GDPR compliance on
controls and continuous compliance monitoring
Book Your Free Consultation Call
Strengthen your infosec program
Identify compliance gaps so you can focus on what to fix.
Get GDPR audit-ready in weeks, not months
Stay compliant, without manual effort
Accelerate audits, with seamless collaboration
Security with scale, without slippages
Recognized as a G2 Leader
On top of the leaderboard
With Scrut, compliance is:
Frequently asked questions
What is GDPR?
The General Data Protection Regulation is a law of the European Union that came into effect on May 25, 2018, and it mandates that businesses protect personal data and uphold the rights of anyone who resides in the EU to privacy. The regulation outlines eight privacy rights that corporations must support and seven data protection principles that organizations must implement.
Who is subject to GDPR compliance? Is GDPR compliance a legal requirement?
Any corporation that offers products or services to consumers in the European Union or the United Kingdom must comply with the GDPR.
What does GDPR mean for individuals versus organizations?
The GDPR sets forth certain privacy rights for EU citizens, such as the right to be forgotten and the right to obtain your user consent before sharing your data with a third party. For organizations, the GDPR is a legal framework that covers data governance, data privacy, and data management for any organization with customers in the U.K. or EU, regardless of where the company itself is located.
What are the seven principles of GDPR?
To guide the enforcement of GDPR, the standard sets forth seven principles. They are:
- Lawfulness, fairness, and transparency
- Purpose limitation
- Data minimization
- Storage limitation
- Integrity and confidentiality
What is the penalty for GDPR non-compliance?
Businesses that do not abide by the General Data Protection Regulation’s (GDPR) rules regarding data processing, data security, and data protection run the risk of incurring hefty fines. The maximum fine for a lesser offense is $11.03 million, or the greater of 2 percent of the company’s annual global revenue or $11.03 million. For more serious offenses, the maximum fine is greater than $22.07 million or 4% of the annual global revenue.
Why is it important for companies to be compliant with GDPR?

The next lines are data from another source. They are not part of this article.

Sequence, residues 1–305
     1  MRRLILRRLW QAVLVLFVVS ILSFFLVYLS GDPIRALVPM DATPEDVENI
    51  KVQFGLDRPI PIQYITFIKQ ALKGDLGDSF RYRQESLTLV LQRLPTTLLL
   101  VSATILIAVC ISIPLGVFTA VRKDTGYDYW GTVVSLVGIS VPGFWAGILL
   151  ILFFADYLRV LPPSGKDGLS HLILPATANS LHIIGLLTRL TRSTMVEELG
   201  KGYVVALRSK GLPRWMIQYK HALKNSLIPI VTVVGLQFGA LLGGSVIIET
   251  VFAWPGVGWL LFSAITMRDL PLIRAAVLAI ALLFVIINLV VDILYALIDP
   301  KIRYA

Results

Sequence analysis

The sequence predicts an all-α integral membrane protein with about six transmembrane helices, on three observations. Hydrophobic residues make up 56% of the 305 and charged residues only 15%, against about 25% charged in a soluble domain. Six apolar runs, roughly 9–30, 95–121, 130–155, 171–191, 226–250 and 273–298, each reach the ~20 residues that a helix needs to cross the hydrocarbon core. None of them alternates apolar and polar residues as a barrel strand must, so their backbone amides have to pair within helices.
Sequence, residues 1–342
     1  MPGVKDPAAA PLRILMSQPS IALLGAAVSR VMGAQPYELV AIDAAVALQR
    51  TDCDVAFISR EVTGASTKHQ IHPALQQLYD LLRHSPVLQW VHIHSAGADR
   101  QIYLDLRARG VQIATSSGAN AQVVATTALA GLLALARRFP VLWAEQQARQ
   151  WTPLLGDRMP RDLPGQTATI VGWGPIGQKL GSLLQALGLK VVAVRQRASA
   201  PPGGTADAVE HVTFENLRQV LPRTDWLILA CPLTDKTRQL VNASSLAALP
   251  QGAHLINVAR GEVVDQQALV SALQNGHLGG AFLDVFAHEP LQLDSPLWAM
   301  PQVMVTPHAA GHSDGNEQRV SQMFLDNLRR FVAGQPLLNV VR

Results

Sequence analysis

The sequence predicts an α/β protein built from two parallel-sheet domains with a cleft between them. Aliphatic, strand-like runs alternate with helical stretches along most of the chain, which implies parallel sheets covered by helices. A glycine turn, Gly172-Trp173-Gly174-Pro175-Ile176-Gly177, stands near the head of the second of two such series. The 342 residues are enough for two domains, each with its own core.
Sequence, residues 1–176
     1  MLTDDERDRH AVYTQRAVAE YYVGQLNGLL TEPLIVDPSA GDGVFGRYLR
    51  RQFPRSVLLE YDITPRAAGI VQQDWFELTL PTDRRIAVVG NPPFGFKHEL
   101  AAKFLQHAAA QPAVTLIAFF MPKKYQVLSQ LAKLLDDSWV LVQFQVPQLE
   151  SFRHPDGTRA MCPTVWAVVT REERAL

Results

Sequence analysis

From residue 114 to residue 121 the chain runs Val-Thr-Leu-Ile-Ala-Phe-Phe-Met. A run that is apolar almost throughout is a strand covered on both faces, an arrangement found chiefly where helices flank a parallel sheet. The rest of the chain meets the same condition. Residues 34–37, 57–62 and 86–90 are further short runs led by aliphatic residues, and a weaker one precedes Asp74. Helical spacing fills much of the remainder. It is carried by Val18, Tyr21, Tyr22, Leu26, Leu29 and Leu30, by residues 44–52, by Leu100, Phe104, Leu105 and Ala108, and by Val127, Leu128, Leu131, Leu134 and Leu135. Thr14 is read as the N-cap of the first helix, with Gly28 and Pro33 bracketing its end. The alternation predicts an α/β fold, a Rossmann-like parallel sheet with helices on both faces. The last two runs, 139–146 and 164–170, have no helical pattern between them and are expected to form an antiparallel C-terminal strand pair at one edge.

The GDPR applies to all organizations that handle the personal data of EU citizens. Any information about an individual, such as names, email addresses, IP addresses, eye color, political affiliation, and so forth, is referred to as “personal data.” Even if a company is not directly affiliated with the EU, it must abide by the rules if it handles personal data belonging to EU citizens (through tracking on its website, for example).
Is it permitted for me to send data outside of the EU?
Yes, but transfers of personal data of EU citizens to locations outside the European Economic Area are strictly governed by GDPR. To enable these transfers, you may need to establish particular legal frameworks or abide by certification frameworks, depending on the situation. You can get help from our team of infosec specialists as you follow the required protocols.
How are Personal and Sensitive Data Different?
Personal data represents any information related to the data subject that is used to directly or indirectly reveal a person’s identity. On the other hand, sensitive data represents information related to the data subject’s fundamental rights, intimacy, and free will. It could be health records, political opinions, or religious beliefs.
Why is GDPR challenging?
Regardless of where it is located, any organization with clients in the European Union must abide by the GDPR requirements to avoid fines and possible business repercussions.
The law is applicable everywhere, regardless of whether the transaction occurs inside or outside of an EU member state. Companies outside the EU have also been reevaluating their standards to comply with them due to their broad transnational scope of application. Despite the risks of non-compliance, many organizations continue to doubt their own capacity to adhere to the rule. This is particularly due to GDPR’s complexity, which leaves much room for interpretation.